Valeria was not thought to be a precocious child. Actually, she was so precocious that indeed, she often appeared to be obtuse, so absorbed in herself and her own thoughts and perceptions that the adults in her world paid very little attention to her. One day Thomas the bus driver was entertaining a group of carnival workers with an account of ancient history. For some reason Thomas liked to study ancient history and he was narrating to his listeners the story of how Romulus and Remus had founded Rome. It

was the absurdity of the twins being raised by wolves he was expounded on to his bored listeners, and he exclaimed. “How the devil did those children fall into the hands of a bunch of wolves in the first place? What happened, do you suppose? Where they carried off from their cradles one at a time or the two together?” Getting no answer to his question, which was important to him but to no one else, he changed the subject to the Punic Wars. He began to consider the question of Elephants. How could elephants have ever crossed the Alps, he wanted to know, but it was not a question that agitated anyone else in his company.

It is odd how a pointless conversation, and the irrelevant observations of a half educated bus driver, could on the one hand be entirely forgotten two minutes after they were uttered, and on the other hand, overheard by a child, be remembered for a lifetime.

From this conversation Valeria drew one conclusion, children might be abducted by dogs. Otis, who also happened to overhear the conversation, concluded that wolves might abduct a child. Bruno the Elephant, who was also listening, realized that humans have a very limited understanding of the true strength, tenacity and intelligence of elephants, himself in particular.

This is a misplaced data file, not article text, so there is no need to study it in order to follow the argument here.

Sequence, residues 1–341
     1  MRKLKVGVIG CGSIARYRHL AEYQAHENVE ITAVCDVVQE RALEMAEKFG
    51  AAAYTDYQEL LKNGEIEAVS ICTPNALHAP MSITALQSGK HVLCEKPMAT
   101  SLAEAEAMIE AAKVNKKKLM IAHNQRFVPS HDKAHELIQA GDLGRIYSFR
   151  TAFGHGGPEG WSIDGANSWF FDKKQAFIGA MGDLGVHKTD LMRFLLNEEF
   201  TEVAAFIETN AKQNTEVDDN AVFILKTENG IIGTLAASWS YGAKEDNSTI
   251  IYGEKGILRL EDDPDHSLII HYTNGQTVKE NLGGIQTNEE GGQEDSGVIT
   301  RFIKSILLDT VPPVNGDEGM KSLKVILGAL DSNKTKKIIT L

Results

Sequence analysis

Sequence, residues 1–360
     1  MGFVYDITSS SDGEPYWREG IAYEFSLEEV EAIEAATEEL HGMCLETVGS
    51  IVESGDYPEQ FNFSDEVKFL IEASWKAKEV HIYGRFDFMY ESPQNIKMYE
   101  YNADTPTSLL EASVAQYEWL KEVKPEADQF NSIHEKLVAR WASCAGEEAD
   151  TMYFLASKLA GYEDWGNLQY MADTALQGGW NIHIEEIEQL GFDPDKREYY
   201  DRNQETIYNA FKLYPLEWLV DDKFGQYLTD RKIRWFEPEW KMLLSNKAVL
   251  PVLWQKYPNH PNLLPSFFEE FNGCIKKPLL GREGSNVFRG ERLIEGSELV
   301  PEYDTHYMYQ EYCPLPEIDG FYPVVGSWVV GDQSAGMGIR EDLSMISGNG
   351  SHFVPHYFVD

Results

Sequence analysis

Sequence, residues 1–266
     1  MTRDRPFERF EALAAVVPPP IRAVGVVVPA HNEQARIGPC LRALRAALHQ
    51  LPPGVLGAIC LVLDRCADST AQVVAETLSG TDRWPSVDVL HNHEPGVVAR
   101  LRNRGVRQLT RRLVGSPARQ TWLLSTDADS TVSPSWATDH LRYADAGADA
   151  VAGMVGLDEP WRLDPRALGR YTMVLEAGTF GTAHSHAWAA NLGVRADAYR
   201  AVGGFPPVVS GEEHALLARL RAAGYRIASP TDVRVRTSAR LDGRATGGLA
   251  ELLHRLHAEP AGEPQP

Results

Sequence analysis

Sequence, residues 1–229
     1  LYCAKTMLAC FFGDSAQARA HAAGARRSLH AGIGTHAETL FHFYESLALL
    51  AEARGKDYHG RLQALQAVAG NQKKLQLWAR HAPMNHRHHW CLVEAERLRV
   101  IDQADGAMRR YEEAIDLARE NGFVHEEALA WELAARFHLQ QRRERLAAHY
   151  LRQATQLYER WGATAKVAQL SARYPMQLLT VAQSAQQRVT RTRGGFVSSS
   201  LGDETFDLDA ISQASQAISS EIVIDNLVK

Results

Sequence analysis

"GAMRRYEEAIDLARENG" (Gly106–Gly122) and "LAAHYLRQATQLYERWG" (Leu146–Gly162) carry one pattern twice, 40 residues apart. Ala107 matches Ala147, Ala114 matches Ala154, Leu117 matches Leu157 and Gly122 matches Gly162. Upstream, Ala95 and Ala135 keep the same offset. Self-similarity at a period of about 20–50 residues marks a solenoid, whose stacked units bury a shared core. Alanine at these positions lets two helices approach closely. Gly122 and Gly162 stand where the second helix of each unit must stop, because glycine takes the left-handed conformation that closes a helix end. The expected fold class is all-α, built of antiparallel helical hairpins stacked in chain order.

It was almost immediately after the bus driver's dissertation on the Romans that Valeria developed a terror of dogs, and at the very same time, Otis began to fear that children might be carried off by wolves. He could not imagine in his wildest dreams that any dogs would ever do such a thing, but wolves, they were another matter.

In the shelter of a carnival, a small universe unto itself, Valeria was put out to play in the morning, and usually called in for lunch and dinner. At five years old, she would sometimes show up where the Elephant was being fed, the acrobats practicing, or in the kitchen where dinner was being scraped together. Like a cat that belongs to everyone and throws herself down in front of any passing stranger, Valeria belonged to everyone.

But after the day of Thomas’ history lesson, Valeria would only with great reluctance leave the patch of grass outside her mother’s trailer, and fled inside in silent terror if Otis appeared anywhere in the distance.

Otis did not, at first, understand that it was he himself that was terrifying the child, but employing his doglike reasoning, he assumed there must be some danger lurking in her vicinity. Gradually he developed the habit of taking his occasional naps in the vicinity of the child, but even when he was resting contentedly a great distance away, she would notice him and run inside.

Finally he realized that his very existence was a source of torment and fear to the child. This was a terrible blow to his ego, to his very idea of himself. It was a crisis of the idea of the self, when a being is forced, against their will, to realize that they are not the being they thought themselves to be but some offensive opposite.